Erich Kandel

born 1929 in Wien, has been professor at the Center for Neurobiology and Behavior since 1974 and Senior Investigator at the Howard Hughes Medical Institute Columbia University NY since 1984. Kandel has been for the last 26 years doing research on the humble but ready-to-improve intelligence of Aplysia. He holds consulting positions with firms like Memory Pharmaceuticals, Biogene, Myriad Genetics and Hoffmann-LaRoche on the subject of ca.. 200 known substances, known under the collective name of "cognitive enhancers", which can be used to influence the learning and memory capabilities of these animals. He is sharing the Nobel prize for medicine in year 2000 with the neuroscientists Arvid Carlsson, Göteborg (role of Dopamin) and Paul Greengard, New York (role of the phosphorylation) "for their discoveries concerning signal transduction in the nervous system" (as announced by the Nobel prize committee). Kandel is a member of the Berlin-Brandenburgische Akademie der Wissenschaften www.bbaw.de.

The day after the laboratory's Nobel price party this depressed Aplysia had forgotten whatever she learned.
Prof. Kandel suspects the influence of C2H5OH.


Learning through self-wiring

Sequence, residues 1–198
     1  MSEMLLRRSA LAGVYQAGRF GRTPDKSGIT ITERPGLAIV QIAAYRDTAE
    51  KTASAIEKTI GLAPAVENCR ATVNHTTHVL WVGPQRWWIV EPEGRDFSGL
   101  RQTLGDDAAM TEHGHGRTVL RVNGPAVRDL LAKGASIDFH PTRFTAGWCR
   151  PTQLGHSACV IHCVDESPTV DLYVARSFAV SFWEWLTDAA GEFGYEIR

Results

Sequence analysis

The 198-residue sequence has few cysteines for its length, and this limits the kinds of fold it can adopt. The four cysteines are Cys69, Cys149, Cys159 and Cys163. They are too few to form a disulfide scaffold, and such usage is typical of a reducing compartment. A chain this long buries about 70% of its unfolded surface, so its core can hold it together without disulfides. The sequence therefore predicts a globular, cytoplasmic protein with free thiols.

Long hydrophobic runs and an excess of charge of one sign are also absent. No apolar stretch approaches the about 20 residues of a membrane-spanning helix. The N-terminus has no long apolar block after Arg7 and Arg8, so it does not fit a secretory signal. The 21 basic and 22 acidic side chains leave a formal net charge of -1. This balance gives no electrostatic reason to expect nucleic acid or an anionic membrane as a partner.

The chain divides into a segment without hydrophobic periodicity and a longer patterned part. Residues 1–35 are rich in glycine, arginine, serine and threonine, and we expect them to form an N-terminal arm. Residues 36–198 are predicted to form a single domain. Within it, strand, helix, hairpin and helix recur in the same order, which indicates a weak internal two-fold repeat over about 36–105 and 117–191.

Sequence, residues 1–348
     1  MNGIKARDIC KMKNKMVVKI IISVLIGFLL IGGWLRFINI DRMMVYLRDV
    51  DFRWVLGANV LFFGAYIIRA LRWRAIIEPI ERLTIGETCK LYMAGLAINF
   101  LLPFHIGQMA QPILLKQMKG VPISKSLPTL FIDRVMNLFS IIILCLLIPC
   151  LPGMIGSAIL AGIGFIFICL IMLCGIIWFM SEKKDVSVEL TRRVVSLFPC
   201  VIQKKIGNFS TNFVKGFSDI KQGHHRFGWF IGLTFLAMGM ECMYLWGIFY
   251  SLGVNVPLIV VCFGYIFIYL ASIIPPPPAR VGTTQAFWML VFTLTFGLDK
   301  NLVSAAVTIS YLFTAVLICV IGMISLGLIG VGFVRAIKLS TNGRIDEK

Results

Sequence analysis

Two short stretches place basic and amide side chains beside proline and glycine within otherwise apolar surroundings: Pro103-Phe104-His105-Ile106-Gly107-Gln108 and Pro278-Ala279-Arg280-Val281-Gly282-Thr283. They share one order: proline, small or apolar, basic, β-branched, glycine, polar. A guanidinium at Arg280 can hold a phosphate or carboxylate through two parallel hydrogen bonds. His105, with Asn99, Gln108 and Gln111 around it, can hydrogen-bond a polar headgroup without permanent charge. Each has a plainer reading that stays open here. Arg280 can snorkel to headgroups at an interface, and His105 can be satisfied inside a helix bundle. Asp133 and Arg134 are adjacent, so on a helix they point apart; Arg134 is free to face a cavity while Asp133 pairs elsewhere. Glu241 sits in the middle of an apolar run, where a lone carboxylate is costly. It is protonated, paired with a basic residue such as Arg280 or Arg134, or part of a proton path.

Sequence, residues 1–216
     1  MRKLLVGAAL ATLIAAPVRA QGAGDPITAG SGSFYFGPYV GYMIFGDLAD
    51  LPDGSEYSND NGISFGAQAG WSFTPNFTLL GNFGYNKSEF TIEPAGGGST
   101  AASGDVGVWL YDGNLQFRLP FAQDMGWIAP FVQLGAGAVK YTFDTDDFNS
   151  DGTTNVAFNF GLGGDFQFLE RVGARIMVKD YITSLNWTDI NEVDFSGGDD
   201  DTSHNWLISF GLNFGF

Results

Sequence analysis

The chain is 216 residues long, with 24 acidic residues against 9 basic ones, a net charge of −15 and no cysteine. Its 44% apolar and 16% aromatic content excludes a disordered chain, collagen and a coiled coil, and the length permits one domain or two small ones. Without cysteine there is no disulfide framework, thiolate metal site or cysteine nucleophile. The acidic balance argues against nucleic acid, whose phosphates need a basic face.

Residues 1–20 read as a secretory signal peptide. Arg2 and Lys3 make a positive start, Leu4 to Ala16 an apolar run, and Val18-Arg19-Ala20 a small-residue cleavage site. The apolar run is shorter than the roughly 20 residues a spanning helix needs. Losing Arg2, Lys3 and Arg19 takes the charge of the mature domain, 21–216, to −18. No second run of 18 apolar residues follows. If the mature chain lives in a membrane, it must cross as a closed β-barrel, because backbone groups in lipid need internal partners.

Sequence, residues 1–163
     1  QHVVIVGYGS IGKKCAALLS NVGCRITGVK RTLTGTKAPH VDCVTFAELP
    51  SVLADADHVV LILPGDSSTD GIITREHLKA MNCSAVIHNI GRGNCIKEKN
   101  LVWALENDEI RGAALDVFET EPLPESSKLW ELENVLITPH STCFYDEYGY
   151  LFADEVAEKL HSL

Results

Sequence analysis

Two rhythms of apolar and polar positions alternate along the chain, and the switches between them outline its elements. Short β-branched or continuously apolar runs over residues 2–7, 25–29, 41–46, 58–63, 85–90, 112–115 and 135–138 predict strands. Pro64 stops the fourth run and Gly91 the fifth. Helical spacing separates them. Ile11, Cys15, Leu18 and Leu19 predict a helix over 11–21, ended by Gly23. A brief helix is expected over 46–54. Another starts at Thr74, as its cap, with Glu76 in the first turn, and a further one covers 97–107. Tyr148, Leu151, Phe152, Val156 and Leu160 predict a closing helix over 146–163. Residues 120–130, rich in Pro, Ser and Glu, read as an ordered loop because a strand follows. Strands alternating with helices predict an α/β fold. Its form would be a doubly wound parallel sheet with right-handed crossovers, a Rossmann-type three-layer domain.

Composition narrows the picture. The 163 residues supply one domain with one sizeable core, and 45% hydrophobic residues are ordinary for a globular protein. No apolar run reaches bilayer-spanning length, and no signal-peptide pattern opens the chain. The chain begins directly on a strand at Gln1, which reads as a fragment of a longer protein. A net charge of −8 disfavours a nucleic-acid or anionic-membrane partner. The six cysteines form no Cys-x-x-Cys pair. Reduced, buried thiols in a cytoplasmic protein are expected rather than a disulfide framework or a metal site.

The narrow gaps between two neurons, where the polarization of cell walls can switched around by the transmitters (= synaptic gaps), are the place, where the so-called "LTP - Long Term Potentiation" process is taking place. If the two connected neurons fire at the same time, than the synaptic connection gets reinforced. The same stimulus later causes a stronger reaction:"sensibilization". Probably both cell walls are involved in this process. On the pre-synaptic delivery side, the synaptic bulb gets enlarged and on the receiving = post-synaptic side the sensitivity increases. Lately a rough picture of inner-cell processes has evolved: cAMP stimulates enzymes, the so-called protein kinases, which change forms and functions of substrate proteins by posphorylation. The effect is twofold. On one side the membrane proteins change in such a fashion that the whole membrane is more excitable (Ca+ ion permeability) and they increase the rate of emission of transmitters into the synaptic gap. The changes are not long-lasting, the effect is rather short-lived. In other words they seem to be the carriers of the short-term memory.